Learn English with karaoke

Singing in a foreign language is one of the best ways to learn how to speak it. There are three reasons for this: 

  1. Studies have shown that music helps you learn, whether that's language, math, history, or pretty much anything else.
  2. Songs are a great way to learn vocabulary, pronunciation, and the rhythms of a language.
  3. It's fun! Learning is a lot easier when you're having fun.

Music and the brain

Many studies have proven the positive effect of music on learning. In her book, Music and Learning, Chris Boyd Brewer (international educator, author, and musician) explains how it works:

The soundtrack [music] increases interest and activates the information mentally, physically or emotionally. Music can also create a highly focused learning state in which vocabulary and reading material is absorbed at a great rate. When information is put to rhythm and rhyme, these musical elements will provide a hook for recall.

All of which is to say, setting things to music makes them easier to get into your brain and stay there. 

Lyrics and language

Studying lyrics gives you access to all sorts of vocabulary, especially idioms and natural phrases. Most popular songs use simple language that everyone knows. But a lot of songwriters use more poetic language with a broader vocabulary. Whatever sorts of words you want to learn, you can find a song that uses it!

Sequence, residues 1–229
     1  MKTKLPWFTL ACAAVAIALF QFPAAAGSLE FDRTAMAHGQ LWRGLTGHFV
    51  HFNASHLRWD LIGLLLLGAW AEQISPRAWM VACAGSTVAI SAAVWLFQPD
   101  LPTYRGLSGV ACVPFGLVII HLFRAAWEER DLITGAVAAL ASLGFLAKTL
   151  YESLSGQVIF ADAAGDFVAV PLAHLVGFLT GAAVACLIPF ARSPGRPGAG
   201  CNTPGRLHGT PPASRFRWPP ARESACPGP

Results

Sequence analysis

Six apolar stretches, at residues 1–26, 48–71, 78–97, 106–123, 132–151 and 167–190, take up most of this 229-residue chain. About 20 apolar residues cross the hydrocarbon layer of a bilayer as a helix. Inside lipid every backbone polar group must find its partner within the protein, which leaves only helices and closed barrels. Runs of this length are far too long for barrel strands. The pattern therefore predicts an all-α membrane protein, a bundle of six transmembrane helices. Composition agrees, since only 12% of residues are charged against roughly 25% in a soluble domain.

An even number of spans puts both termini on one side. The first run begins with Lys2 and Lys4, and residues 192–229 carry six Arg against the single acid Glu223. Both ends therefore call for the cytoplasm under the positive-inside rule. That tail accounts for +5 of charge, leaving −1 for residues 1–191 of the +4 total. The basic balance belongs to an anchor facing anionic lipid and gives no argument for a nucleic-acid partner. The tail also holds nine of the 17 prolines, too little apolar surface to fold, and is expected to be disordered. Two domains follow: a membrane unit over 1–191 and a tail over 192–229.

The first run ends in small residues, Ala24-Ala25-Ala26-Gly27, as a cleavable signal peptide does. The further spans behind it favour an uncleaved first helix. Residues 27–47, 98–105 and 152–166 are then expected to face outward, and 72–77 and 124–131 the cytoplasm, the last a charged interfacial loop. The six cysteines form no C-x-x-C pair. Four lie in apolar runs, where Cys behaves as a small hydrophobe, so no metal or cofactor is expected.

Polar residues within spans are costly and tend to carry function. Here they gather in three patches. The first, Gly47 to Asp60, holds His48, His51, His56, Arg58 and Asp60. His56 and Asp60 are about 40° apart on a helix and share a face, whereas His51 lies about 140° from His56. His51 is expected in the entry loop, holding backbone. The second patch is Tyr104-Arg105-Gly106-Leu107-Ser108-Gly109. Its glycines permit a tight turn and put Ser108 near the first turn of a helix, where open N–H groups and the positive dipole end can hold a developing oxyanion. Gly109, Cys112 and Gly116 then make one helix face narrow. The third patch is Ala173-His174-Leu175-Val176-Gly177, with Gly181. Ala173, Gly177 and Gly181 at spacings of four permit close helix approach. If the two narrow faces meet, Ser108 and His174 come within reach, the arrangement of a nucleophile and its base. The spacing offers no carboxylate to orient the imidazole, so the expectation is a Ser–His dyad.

Pop music is great for romance vocabulary; country music talks about love, loss, and booze; and hip-hop/rap gives you lots of urban slang. And, of course, rock music covers it all.

Listening to songs is also a way to practice pronunciation. Sometimes singers use a style that makes it hard to hear the lyrics clearly, or the words go by so fast you can't follow them (this is particularly true in rap and hip-hop). But most singers use either a British or an American accent when they sing in English, so find songs with easy-to-hear pronunciation and practice along with them.


When you listen to a song over and over again, and then sing it over and over again, the lyrics will be stuck in your brain like super glue. And all those natural phrases will be ready for you to use when talking. It's like those songs that children sing to learn the alphabet. I still sometimes sing through it if I'm not sure which letter comes next:

Hm, does "p" come before or after "o"? Let me see... "A-b-c-d-e-f-g, h-i-j-k-lmnop"— right, "p" comes after "o". Got it!

When you learn any song, the same thing happens. When words are set to music, your brain can sing them back to you when you need them. And what better way to do that than karaoke!

So choose a song, study it until you can sing it with your eyes closed (so you don't have to try to follow the words on a screen), and then find yourself a microphone! If you'd like, you can post a video of yourself performing it on our Instagram feed.

hook [noun] /hʊk/—something attached to an idea in your brain, making it easy to remember. In music, a "hook" is a repeated phrase or tune that catches and holds your attention.